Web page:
4. In a small bowl, combine oil, salt and 1 teaspoon pepper. Add chicken and pineapple; toss to coat.
  5. Alternating chicken and pineapple, pierce onto skewers.
  6. Grill for 8 minutes each side, or until chicken is cooked thoroughly.
  7. In a medium bowl combine lemon, cucumber, onion, honey and 1 teaspoon pepper.
  8. Serve lemon-cucumber salsa over cooked chicken skewers. Serve over some whole grain brown rice or over a fresh summer salad.

eat well, live well

Take advantage of the summer vegetable season.

Visit a local Farmer’s Market to stock up on the fresh bounty.

Here are some benefits of eating Vegetable Group Foods:

  • Many vegetables are good sources of Vitamin C, A, or fiber.
  • Foods in the Vegetable Food Group are low in calories, fat, and sodium. Eating more vegetables can replace foods that are higher in calories and fat.
  • Foods in the Vegetable Food Group do not have cholesterol.
  • Eating more vegetables (and fruits) as part of a healthy diet may reduce your chances of getting heart disease, including heart attacks and strokes.
  • Some vegetables (and fruits) may protect against certain types of cancer when eaten as part of an overall healthy diet.
  • Foods in the Vegetable Food Group that are good sources of potassium may help to lower blood pressure when eaten as part of an overall healthy diet.

The MyPlate website offers a lot of information and guidance, so we invite you to visit ChooseMyPlate.gov for more detailed information. It’s important to remember that MyPlate recommendations at are not written for persons with chronic disease conditions. Those persons should follow the advice of their medical provider or a Registered Dietitian who is familiar with their health status.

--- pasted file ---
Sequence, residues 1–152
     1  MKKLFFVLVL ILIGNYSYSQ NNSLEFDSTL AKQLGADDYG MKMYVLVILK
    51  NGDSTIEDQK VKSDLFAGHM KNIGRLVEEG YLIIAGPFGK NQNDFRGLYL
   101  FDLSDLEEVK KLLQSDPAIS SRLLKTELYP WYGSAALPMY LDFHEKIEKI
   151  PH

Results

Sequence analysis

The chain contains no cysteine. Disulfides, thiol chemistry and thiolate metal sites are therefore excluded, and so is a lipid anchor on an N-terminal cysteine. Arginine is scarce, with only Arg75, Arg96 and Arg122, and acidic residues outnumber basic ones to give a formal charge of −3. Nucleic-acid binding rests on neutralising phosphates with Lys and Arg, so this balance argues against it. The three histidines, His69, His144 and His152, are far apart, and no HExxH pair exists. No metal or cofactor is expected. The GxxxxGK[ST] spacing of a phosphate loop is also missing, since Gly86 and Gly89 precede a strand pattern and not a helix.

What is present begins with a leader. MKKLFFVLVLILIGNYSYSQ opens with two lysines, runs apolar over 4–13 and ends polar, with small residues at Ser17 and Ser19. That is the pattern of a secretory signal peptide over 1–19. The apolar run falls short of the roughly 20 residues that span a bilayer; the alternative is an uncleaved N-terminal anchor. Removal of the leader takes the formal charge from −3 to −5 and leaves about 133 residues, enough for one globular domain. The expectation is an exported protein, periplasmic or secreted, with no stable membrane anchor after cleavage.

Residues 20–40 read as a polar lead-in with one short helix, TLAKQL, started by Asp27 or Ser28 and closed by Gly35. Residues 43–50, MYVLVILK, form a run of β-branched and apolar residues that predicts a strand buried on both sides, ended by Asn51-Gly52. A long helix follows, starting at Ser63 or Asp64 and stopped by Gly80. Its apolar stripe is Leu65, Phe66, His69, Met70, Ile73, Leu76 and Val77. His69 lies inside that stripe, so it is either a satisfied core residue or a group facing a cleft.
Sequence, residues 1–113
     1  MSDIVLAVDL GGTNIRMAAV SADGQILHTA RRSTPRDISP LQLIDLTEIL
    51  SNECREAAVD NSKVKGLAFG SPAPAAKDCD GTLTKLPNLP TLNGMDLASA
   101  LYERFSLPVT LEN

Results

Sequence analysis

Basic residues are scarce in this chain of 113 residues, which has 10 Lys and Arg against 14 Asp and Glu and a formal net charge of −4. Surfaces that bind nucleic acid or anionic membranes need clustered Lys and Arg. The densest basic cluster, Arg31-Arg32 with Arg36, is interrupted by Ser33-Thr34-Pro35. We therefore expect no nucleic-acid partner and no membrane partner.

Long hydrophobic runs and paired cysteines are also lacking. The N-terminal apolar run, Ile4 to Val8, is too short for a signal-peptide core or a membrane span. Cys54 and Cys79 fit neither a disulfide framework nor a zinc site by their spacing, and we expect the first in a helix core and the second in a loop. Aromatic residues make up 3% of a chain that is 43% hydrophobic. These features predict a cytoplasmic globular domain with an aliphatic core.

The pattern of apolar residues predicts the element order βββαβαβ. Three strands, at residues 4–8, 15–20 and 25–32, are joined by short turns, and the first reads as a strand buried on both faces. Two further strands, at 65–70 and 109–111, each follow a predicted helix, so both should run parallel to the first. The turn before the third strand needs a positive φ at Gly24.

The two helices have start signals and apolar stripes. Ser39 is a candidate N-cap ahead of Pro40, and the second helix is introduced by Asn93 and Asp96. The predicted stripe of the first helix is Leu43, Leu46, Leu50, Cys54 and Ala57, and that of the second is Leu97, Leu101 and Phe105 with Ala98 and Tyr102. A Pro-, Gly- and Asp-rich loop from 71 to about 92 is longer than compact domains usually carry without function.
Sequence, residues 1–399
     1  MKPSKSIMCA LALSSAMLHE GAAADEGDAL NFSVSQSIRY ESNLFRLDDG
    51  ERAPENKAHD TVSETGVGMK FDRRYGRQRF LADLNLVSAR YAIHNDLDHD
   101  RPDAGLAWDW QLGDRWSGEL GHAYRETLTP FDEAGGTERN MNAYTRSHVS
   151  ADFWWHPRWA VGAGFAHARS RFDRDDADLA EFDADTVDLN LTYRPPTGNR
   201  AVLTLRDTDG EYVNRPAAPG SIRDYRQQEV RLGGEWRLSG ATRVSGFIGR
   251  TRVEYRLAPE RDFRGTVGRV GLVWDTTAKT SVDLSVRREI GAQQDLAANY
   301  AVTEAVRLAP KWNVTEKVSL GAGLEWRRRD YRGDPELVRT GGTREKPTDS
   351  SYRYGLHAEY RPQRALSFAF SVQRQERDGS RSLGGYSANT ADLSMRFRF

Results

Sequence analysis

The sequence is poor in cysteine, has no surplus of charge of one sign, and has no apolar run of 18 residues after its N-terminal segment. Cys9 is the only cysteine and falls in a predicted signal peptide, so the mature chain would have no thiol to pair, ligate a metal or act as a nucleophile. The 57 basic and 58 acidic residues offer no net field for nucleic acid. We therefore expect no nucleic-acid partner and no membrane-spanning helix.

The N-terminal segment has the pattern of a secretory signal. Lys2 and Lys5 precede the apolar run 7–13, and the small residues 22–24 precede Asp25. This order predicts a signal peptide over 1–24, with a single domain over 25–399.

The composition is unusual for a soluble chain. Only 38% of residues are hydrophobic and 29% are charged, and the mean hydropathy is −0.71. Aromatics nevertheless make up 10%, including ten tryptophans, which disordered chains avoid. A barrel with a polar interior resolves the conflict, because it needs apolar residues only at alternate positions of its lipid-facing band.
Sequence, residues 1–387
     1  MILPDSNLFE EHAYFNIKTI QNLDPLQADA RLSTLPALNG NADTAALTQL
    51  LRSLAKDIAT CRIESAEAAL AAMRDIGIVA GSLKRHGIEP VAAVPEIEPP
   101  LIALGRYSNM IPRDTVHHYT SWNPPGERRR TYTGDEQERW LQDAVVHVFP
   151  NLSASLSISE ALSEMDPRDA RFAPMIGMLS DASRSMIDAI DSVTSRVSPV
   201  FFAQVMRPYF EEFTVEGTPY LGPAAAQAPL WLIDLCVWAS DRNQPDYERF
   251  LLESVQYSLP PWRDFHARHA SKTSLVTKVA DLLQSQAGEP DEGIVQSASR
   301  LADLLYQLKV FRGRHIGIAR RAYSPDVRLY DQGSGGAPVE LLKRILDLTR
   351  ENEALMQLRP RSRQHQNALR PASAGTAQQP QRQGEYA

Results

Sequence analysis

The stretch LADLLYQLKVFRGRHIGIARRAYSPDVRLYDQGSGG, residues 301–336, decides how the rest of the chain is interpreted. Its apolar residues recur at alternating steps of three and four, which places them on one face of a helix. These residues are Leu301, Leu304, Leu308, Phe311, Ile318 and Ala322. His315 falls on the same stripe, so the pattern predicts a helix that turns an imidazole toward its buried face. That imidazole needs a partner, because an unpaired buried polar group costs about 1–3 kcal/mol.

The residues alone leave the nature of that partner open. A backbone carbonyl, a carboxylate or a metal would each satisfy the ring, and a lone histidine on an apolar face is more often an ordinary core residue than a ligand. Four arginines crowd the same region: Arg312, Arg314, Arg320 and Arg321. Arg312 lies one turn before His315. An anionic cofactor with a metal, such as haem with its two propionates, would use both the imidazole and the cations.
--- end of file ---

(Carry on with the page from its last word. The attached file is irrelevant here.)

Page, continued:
Food For Thought...

Mindful Eating

Mindful eating stresses the importance of focusing on the present moment and being aware of your senses while consuming food. It can help you manage your eating habits and feel better about your body. Try these 5 tips on mindful eating. Begin slow by adding one tip each day. You will begin to think of mealtime in a new way.

Chew thoroughly and as you chew, consider these questions:

Think about each specific flavor you taste.

  • Which different flavors do you taste?
  • Do they have a salty side to them? How about sweet?
  • Does your food taste differently when you first taste it? Does it have an aftertaste? If so, what is it?

Focus on the textures of your food.

  • How does the food feel inside your mouth?
  • Does it have one consistent texture? Or a few?
  • How warm or cold is the food?
  • Is it easy to bite into, or do you need to break it down by chewing?

Eat slowly.

  • Don’t rush. If it’s breakfast, adjust your alarm so you have enough time to eat.